Module Catalogue 2016/17

CMB2004 : Cell and Molecular Biology of the Immune System

  • Offered for Year: 2016/17
  • Module Leader(s): Dr Andrew Knight
  • Other Staff: Dr Amy Anderson, Dr Vanessa Armstrong, Dr Nicola Maney
  • Owning School: Biomedical Sciences
  • Teaching Location: Newcastle City Campus
Semester 1 Credit Value: 10
ECTS Credits: 5.0
Pre Requisites
Code Title
CMB1003Microbiology and Immunology
Pre Requisite Comment


Co Requisites
Co Requisite Comment



- To develop knowledge and understanding of the molecular and cell biology underlying a specific immune response, and to describe how such responses can protect against infection.

Outline Of Syllabus

Antibodies, T cell receptors and MHC molecules
Genetics of antigen recognition systems
Lymphocyte development
Lymphocyte activation
Regulation of immune responses
Antibody Technology
Immunity against infection/immunization

Learning Outcomes

Intended Knowledge Outcomes

•Describe the molecular structure of antibodies, T cell receptors and MHC class I and class II molecules

•Describe how antibody technology can be utilised

•Explain the part played by each of these molecules in antigen-recognition by T and B lymphocytes

•Describe the genetics of each of these types of molecule

•Discuss how the diverse repertoire of antibodies and T cell receptors is generated

•Explain how T cells are activated by antigens, and the consequences of this activation

•Explain what is meant by T-dependent and T-independent antigens and describe how these activate B cells

•Describe the stages of lymphocyte maturation from pluripotent haematopoietic stem cells

•Explain the need for immunological tolerance to self antigens and discuss how this is achieved

•Discuss how immune responses can be regulated, and the significance of qualitative regulation of immune responses

•Describe how specific immune responses can lead to the activation of effector mechanisms against infections with bacteria, viruses and eukaryotic parasites and how immunization aims to achieve protective responses

Intended Skill Outcomes

To be able to interpret scientific information, in this instance immunological data relating to case studies

Graduate Skills Framework

Graduate Skills Framework Applicable: Yes
  • Cognitive/Intellectual Skills
    • Critical Thinking : Assessed
    • Active Learning : Present
    • Numeracy : Present
    • Information Literacy
      • Source Materials : Present
      • Synthesise And Present Materials : Present
  • Interaction
    • Communication
      • Oral : Present
      • Interpersonal : Present
    • Team Working
      • Collaboration : Present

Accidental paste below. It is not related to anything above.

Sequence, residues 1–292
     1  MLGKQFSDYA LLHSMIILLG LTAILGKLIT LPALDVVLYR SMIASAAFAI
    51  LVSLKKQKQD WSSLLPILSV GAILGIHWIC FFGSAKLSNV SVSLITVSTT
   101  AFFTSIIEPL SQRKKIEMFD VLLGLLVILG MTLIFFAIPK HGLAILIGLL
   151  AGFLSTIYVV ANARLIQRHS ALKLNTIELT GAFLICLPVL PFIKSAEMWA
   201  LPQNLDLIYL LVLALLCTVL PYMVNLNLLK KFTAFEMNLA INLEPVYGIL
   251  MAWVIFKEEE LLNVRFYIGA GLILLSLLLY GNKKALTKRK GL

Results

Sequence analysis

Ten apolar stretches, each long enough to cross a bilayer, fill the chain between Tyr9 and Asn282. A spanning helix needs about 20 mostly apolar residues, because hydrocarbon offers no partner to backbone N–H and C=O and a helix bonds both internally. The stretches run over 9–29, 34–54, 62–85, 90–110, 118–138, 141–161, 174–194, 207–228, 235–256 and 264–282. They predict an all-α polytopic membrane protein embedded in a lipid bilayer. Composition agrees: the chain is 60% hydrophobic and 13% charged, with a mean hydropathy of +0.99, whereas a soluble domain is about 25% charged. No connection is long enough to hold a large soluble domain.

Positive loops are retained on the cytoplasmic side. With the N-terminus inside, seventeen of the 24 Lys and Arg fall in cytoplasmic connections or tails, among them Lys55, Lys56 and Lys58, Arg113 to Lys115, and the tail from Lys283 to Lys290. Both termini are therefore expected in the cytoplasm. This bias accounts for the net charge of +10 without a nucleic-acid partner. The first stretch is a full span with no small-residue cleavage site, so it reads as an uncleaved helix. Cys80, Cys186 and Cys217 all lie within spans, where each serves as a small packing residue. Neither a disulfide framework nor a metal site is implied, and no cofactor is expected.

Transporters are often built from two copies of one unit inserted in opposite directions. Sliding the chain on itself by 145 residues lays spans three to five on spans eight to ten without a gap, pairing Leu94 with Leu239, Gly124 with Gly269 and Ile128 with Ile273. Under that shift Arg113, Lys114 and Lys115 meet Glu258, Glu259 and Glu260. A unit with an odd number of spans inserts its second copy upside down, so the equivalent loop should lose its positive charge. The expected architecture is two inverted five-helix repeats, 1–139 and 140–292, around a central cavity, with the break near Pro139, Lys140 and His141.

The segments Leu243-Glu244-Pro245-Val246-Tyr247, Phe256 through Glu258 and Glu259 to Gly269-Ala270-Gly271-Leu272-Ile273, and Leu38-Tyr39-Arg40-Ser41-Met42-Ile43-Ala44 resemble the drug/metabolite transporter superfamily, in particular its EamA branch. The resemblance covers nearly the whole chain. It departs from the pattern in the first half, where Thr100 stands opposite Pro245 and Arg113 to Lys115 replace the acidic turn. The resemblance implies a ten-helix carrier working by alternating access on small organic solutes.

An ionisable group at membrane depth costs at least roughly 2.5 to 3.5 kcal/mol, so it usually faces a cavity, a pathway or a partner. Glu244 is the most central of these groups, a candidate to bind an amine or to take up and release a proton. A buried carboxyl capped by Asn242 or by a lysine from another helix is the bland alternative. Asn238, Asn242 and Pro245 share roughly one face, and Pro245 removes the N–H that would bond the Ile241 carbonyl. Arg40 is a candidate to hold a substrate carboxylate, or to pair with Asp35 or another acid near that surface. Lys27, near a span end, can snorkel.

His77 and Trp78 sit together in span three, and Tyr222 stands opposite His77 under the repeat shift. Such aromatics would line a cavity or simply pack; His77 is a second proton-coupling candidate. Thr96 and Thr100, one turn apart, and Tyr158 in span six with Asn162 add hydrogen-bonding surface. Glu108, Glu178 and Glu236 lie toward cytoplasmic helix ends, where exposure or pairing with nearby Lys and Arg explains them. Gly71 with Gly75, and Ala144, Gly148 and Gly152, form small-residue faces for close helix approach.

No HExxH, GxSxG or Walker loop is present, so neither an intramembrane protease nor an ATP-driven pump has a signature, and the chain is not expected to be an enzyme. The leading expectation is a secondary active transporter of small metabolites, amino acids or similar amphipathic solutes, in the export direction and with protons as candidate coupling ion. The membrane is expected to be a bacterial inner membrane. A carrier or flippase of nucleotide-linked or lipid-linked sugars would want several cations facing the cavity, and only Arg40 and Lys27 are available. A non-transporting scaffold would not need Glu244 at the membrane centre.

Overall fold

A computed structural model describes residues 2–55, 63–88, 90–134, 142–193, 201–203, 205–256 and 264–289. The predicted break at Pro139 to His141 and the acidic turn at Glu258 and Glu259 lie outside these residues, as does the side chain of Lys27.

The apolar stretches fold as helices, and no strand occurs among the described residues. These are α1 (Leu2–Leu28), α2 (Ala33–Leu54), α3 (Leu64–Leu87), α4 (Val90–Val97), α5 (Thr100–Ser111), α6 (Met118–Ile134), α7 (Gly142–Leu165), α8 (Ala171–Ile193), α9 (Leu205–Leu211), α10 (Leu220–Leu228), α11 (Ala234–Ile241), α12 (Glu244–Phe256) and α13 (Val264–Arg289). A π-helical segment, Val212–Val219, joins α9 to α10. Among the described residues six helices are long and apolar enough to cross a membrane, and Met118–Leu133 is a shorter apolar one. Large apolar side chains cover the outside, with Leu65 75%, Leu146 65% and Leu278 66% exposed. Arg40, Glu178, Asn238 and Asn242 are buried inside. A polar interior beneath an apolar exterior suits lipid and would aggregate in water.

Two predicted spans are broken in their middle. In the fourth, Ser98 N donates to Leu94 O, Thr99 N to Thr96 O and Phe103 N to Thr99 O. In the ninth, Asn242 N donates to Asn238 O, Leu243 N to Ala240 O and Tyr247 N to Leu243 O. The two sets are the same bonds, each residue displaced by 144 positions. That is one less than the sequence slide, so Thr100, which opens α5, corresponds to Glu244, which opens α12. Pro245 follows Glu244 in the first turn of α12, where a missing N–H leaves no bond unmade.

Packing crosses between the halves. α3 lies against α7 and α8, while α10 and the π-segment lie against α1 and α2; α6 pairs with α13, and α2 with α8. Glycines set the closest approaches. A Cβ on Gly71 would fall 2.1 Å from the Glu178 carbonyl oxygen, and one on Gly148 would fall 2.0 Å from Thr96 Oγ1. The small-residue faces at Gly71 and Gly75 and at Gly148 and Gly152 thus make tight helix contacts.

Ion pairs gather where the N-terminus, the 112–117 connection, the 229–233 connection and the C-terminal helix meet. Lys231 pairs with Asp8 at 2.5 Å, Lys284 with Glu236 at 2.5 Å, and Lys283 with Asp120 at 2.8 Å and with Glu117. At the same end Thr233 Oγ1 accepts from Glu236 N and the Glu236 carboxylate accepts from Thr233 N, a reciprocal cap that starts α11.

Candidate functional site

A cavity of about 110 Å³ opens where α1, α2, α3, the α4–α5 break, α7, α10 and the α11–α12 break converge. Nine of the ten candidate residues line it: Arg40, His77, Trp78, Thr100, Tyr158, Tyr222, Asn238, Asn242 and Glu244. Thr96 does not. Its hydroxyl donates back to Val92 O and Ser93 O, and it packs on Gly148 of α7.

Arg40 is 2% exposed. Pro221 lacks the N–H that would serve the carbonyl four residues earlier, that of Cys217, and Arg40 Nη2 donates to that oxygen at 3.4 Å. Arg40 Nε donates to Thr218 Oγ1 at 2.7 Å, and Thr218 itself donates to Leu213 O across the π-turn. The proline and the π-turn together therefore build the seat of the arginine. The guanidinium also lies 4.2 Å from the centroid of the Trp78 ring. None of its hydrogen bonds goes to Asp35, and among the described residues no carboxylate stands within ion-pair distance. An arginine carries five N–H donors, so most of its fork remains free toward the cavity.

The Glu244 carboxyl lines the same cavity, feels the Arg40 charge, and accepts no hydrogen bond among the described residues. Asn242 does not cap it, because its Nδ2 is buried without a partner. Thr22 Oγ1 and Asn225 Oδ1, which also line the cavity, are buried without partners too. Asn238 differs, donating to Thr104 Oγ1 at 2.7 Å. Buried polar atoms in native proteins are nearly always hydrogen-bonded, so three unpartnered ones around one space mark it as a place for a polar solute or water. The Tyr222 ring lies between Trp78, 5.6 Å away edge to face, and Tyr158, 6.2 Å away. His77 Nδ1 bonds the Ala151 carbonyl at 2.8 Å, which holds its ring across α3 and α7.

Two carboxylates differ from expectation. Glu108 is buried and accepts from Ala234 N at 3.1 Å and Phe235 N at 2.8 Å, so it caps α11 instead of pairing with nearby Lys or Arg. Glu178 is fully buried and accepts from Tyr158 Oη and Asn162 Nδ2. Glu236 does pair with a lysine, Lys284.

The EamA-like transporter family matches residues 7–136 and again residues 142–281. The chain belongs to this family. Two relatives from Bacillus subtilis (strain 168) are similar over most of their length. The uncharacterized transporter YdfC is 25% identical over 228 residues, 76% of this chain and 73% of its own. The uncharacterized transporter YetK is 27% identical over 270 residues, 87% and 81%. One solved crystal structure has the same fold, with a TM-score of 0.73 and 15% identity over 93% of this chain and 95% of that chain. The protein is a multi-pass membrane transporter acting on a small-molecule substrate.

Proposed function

Teaching Methods

Teaching Activities
Category Activity Number Length Student Hours Comment
Scheduled Learning And Teaching ActivitiesLecture121:0012:00N/A
Scheduled Learning And Teaching ActivitiesSmall group teaching11:301:30Seminars
Guided Independent StudyIndependent study186:3086:30N/A
Teaching Rationale And Relationship

Lectures are used to impart information in a concise manner, to highlight areas of importance and to interrelate with directed reading and self-directed study. The seminar is used for developing higher level skills of data interpretation and problem-solving as well as information retrieval. Private study is used for self-directed learning including further reading and preparation for examinations.

Reading Lists

Assessment Methods

The format of resits will be determined by the Board of Examiners

Description Length Semester When Set Percentage Comment
Written Examination601A100EMI
Assessment Rationale And Relationship

Knowledge and understanding is assessed through a summative examination.

FMS Schools offering Semester One modules available as ‘Study Abroad’ will, where required, provide an alternative assessment time for examinations that take place after the Christmas vacation. Coursework with submissions dates after the Christmas vacation will either be submitted at an earlier date or at the same time remotely.

The form of assessment will not vary from the original.


Past Exam Papers

General Notes


Disclaimer: The information contained within the Module Catalogue relates to the 2016/17 academic year. In accordance with University Terms and Conditions, the University makes all reasonable efforts to deliver the modules as described. Modules may be amended on an annual basis to take account of changing staff expertise, developments in the discipline, the requirements of external bodies and partners, and student feedback. Module information for the 2017/18 entry will be published here in early-April 2017. Queries about information in the Module Catalogue should in the first instance be addressed to your School Office.